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My incessant worry is that the book's recommendation is different from the book's backtest.

Certainly there will always be some differences in order to make the system easy to follow. But if I attempt to read between the lines, Greenblatt is trying to achieve the following three things:

1) A simple way to find good companies selling at bargain prices, on average
2) A mechanical buy and sell strategy to remove emotion (your "incessant worry" as many others will ahve as well)
3) Some aspect of dollar-cost-averaging, where you buy evenly in rolling time periods, so you do not get caught high and dry at market peaks -- when everybody is telling you to buy and is frequently the worst time to buy

Also, I know he is a little inconsistent about how many stocks to buy, but never did he say 5-7 per month. He gave a few guidelines to get you and keep you at around 30 once you have gone through a full year's cycle, and that means about 5 every couple of months, or 2-3 a month, or 7 a quarter. The basic strategy that underlies it is:

1) Hold 25-30 stocks once you're full up (once you've gone through a full year's cycle)

2) Buy on a regular schedule. The schedule should be whatever fits your time and interest level; it is not important what it is except that it should be at least a few times a year, and regular -- NOT driven by emotion. Divide 25-30 by how often you are going to go through the buy/sell cycle per year, and that is how many stocks you should buy and sell each time. If you do it quarterly, 6-7 stocks per quarter, for example. The basic idea is to make sure you roll the Greenblatt dice approximately 30 times per year. Calculate your trading costs for 30 buys and 30 sells per year and make sure it makes sense for you, and then fit those 30 transactions into how ever many regular periods you are comfortable with.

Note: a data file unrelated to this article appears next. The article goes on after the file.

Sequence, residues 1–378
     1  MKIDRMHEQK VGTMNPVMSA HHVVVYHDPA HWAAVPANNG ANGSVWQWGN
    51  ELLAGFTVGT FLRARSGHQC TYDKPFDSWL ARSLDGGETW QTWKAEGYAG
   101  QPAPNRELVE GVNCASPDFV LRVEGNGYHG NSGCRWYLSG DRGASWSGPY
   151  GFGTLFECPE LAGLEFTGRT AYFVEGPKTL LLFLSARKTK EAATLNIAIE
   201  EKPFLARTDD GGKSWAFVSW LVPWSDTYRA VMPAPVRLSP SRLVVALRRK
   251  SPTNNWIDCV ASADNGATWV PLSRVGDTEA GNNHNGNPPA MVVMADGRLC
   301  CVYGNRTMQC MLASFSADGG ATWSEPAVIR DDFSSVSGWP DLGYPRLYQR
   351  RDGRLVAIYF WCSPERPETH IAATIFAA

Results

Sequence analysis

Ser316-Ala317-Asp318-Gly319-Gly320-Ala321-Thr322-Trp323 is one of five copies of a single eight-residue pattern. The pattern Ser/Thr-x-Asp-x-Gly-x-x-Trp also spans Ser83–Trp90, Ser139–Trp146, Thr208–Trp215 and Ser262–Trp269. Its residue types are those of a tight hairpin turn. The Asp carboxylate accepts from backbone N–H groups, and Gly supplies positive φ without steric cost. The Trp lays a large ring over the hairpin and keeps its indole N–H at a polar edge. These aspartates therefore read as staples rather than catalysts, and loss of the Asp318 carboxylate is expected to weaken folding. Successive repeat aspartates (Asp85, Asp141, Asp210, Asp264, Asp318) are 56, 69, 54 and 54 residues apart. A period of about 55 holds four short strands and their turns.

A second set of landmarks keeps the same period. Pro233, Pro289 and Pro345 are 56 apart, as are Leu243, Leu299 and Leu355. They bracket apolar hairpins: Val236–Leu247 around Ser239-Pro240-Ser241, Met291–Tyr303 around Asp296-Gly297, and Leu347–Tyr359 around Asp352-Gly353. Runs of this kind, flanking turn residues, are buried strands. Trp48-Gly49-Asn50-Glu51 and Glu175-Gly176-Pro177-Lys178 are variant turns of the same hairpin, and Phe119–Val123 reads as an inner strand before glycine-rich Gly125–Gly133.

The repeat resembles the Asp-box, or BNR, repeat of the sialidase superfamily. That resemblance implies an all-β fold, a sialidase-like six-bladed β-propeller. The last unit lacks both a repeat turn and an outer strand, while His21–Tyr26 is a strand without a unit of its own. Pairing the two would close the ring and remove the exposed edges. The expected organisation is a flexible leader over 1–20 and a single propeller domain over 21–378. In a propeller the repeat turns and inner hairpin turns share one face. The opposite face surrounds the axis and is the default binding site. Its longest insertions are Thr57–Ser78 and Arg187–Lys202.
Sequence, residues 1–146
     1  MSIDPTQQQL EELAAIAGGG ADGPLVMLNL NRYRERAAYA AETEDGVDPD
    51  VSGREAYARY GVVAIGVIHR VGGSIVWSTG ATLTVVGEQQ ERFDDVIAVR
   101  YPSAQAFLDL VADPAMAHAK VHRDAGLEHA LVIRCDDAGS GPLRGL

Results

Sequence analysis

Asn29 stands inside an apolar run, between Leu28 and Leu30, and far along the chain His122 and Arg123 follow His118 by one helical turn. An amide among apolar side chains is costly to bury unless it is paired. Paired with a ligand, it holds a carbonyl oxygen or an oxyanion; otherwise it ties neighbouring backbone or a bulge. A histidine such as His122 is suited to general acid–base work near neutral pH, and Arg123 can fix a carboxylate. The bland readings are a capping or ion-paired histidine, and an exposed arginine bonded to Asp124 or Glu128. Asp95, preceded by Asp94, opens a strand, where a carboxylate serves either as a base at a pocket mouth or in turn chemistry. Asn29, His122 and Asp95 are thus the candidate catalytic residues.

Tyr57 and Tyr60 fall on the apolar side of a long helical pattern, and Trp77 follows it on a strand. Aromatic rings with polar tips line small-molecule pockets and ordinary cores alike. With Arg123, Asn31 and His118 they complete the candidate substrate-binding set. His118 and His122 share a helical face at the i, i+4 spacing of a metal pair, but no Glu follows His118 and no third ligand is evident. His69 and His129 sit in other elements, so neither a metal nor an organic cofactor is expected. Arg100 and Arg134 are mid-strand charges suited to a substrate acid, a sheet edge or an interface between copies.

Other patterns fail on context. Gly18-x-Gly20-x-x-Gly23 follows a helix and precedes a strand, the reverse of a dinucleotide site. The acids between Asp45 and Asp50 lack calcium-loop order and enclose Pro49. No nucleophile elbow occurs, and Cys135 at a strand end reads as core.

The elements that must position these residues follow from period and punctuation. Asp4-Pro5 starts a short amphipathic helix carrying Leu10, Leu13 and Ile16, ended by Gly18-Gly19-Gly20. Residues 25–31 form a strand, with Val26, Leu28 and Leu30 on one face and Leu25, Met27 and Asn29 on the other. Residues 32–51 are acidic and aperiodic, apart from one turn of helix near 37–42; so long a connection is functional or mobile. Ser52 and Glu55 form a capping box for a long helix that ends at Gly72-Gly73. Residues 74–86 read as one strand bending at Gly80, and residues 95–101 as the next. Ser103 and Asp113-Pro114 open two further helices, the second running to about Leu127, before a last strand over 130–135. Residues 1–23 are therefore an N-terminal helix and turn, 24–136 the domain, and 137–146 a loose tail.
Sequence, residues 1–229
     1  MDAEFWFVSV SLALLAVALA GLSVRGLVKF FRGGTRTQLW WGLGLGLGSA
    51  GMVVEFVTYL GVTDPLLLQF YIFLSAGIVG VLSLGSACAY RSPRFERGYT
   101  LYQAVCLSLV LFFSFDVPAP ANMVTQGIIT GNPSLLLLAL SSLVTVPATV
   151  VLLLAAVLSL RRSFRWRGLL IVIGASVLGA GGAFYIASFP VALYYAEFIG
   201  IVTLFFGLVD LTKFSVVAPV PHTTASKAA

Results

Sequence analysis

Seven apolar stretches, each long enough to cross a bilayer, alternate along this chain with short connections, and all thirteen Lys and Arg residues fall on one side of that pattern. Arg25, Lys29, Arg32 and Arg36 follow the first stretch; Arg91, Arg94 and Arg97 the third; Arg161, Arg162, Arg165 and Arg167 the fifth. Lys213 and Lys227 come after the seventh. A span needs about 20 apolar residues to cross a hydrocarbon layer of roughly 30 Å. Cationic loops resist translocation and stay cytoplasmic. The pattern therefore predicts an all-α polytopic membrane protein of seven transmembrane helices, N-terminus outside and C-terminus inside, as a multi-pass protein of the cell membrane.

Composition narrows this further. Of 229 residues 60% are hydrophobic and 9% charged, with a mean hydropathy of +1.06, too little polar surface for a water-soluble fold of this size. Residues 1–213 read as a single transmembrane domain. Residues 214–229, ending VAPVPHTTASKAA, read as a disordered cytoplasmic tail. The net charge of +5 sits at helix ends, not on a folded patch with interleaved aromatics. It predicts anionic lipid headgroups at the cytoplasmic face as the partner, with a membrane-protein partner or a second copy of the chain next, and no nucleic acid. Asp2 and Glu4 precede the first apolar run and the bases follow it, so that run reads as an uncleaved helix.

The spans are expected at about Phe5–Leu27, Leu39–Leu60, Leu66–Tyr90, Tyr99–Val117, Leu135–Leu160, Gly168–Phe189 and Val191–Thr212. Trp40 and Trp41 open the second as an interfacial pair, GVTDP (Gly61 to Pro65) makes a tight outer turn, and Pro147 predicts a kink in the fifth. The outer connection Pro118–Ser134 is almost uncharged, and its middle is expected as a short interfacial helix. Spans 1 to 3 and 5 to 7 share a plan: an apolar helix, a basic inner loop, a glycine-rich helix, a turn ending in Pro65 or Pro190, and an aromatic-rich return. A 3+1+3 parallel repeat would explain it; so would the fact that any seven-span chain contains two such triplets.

3) Buy equal dollar amounts of each stock to start, and scale that up or down based on the money available after each sale (after one year)

That's the default strategy and it is a very elegant one, and is close to what Greenblatt back tested. Much of the discussion on the board here is to take some more advanced steps. Greenblatt is cautious about recommending that, because very often investors end up adding emotion into their actions, thinking they are being "smarter." That is the trap that he tries so hard to keep most investors out of. Although there are some sharp people here on this board capable of adding some advanced ideas, one of the MOST COMMON psychological tendencies of investors is over confidence. Make sure you are not being over confident of your own abilities. That is very important.

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